I removed a brick from the base and pressed it against the rotating axle to slow it down, pushing with all my might. The axle hissed as the blades effortlessly accumulated greater speed. I jumped back when the axle’s partially engaged lockpin flew out. The picnic table vibrated as the dull black blades melted into a grayish blur. The steel sails thumped through the air with a quickening rhythm of what in essence had become an upended lawnmower shrieking the song of a helicopter carrying a hundred cats in heat. What happened thereafter can only be deduced, because by the time the howling and clamor came to an abrupt end, my adrenaline-filled legs had already carried me well beyond the far side of the house.

I returned to find an empty picnic table in flames.

Now, if you can imagine a force ten thousand times as strong, you’ll begin to appreciate the power of modern wind turbines, weighing in at 750 tons and with blade sweeps wider than eleven full-size school buses parked end-to-end.1

Like solar cells, wind turbines run on a freely available resource that is exhibiting no signs of depletion. Unlike solar cells, though, wind turbines are economical—just a sixth the cost of photovoltaics, according to an HSBC bank study. Proponents insist that wind power’s costs have reached parity with natural-gas electrical generation. Coal-fired electricity is still less expensive, but if a carbon tax of about thirty dollars per ton is figured into the equation, proponents insist that wind achieves parity with coal as well.2 Either way, wind turbines seem far more pleasant as they sit in fields and simply whirl away.

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Illustration 2: An imposing scale Raising a blade assembly at night outside Brunsbüttel, Germany, with a second tower in the background. The turbine sits on 1,700 cubic yards of concrete with forty anchors each driven eighty feet into the earth. (Photo by Jan Oelker, courtesy of Repower Systems AG) 

Today’s wind turbines are specially designed for their task and as a result are far more technologically advanced than even those built a decade ago. New composites enable the spinning arms to reach farther and grab more wind while remaining flexible enough to survive forceful gusts. New turbines are also more reliable. In 2002, about 15 percent of turbines were out of commission at any given time for maintenance or repair; now downtime has dropped below 3 percent. Whereas a coal or nuclear plant mishap could slash output dramatically or even completely, wind farms can still pump out electricity even as individual turbines cycle through maintenance. Similarly, new wind farms start to produce power long before they are complete. A half-finished nuclear plant might be an economic boondoggle, but a half-finished wind farm is merely one that produces half the power. Adding capacity later is as simple as adding more turbines. Farmers who are willing to give up a quarter of an acre to mount a large turbine in their fields can expect to make about ten thousand dollars per year in profit without interrupting cultivation of the surrounding land. That’s not bad considering the same plot seeded with corn would net just three hundred dollars’ worth of bioethanol.3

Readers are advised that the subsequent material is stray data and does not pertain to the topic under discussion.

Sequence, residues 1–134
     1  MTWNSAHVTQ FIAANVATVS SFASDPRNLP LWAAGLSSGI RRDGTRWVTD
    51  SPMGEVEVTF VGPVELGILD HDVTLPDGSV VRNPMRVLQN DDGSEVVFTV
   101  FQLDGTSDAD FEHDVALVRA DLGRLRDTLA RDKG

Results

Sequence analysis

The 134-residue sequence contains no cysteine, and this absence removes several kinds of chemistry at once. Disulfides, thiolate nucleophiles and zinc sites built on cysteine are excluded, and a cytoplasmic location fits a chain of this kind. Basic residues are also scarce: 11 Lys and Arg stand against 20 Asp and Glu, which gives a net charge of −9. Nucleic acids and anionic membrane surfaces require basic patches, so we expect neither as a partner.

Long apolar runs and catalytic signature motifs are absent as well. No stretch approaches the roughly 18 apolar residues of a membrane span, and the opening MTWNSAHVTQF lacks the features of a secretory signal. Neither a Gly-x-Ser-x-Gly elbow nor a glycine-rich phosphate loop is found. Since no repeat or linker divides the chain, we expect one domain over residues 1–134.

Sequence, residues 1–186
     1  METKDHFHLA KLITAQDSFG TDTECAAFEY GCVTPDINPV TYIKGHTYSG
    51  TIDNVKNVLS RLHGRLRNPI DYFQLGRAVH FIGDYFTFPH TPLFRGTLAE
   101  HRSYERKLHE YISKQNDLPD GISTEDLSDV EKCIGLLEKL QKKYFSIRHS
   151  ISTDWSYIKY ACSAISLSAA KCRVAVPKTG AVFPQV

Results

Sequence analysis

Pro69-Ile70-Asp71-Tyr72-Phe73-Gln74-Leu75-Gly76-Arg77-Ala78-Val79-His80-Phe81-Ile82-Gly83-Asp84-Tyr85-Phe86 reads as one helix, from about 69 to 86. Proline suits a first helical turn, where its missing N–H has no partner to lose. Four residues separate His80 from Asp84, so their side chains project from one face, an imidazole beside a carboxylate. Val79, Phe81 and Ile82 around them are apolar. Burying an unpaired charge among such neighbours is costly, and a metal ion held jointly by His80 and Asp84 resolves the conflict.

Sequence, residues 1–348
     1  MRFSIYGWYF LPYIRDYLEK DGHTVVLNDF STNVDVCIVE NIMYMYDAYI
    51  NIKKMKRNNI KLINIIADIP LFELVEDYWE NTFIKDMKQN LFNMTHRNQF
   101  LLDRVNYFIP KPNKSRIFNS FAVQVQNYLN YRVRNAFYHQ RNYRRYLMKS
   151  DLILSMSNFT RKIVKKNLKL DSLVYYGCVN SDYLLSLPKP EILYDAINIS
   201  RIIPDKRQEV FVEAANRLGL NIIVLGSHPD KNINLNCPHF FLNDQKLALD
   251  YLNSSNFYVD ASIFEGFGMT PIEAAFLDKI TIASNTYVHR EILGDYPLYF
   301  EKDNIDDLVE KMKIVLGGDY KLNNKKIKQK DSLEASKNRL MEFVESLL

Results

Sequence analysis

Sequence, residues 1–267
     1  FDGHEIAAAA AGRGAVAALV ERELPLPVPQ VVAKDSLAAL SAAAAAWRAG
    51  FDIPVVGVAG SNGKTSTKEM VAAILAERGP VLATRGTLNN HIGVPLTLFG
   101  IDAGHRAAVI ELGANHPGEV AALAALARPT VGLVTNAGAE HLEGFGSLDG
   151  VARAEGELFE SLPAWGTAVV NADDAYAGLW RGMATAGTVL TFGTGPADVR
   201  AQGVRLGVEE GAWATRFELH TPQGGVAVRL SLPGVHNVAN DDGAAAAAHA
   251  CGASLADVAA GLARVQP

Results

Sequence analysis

At first glance, deploying wind turbines on a global scale does not apparently pose much of a challenge, at least not an insurmountable one. It seems that no matter what yardstick we use, wind power is simply the perfect solution.

If only it were that simple.

Wind Power in Sixty Seconds or Less

As our sun heats the earth’s lower atmosphere, pockets of hot air rise and cooler air rushes in to fill the void. This creates wind. For over two thousand years humans harnessed wind for pumping water, grinding grain, and even transatlantic travel. In fact, wind power was once a primary component of the global energy supply. No more. The Industrial Revolution (which could just as easily have been dubbed the Coal Revolution) toppled wind power’s reign. Shipbuilders replaced masts with coal-fired steam engines. Farmers abandoned windmills for pumps that ran on convenient fossil fuels. Eventually, industrialists led the frail wind-power movement to its grave, and gave it a shove. There it would lie, dead and forgotten, for well over a hundred years, until one crisp fall day when something most unexpected occurred.

A hundred years is a short beat in the history of humans but a rather lengthy period in their history of industrialization. And when wind power was eventually exhumed, it found itself in a much-altered world, one that was almost entirely powered by fossil fuels. There were many more humans living at much higher standards of living. A group of them was rather panicked over the actions of an association called the Organization of Arab Petroleum Exporting Countries (OPEC). The scoundrels had decided to turn off their fossil-fuel spigot.

The oil embargo of 1973 marked the resurrection of wind power. Politicians dusted off wind power, dressed it in a green-collared shirt, and shoved it into the limelight as the propitious savior of energy independence. Wind power was worshiped everywhere, but nowhere more than in California. During the great wind rush of the early 1980s, California housed nearly 90 percent of global wind-generation capacity, fueled by tax subsidies and a wealthy dose of sunny optimism.4 And since the windmill industry had vanished long ago, fabricators cobbled together the new turbines much like the one of my youth, with an existing hodgepodge of parts already available from shipbuilders and other industries. Perhaps predictably, when the oil started to flow again, political support for wind energy subsidies waned. Eventually they vanished altogether. But now, with so many humans using so much energy, it wouldn’t be another hundred years before they would call on wind power again.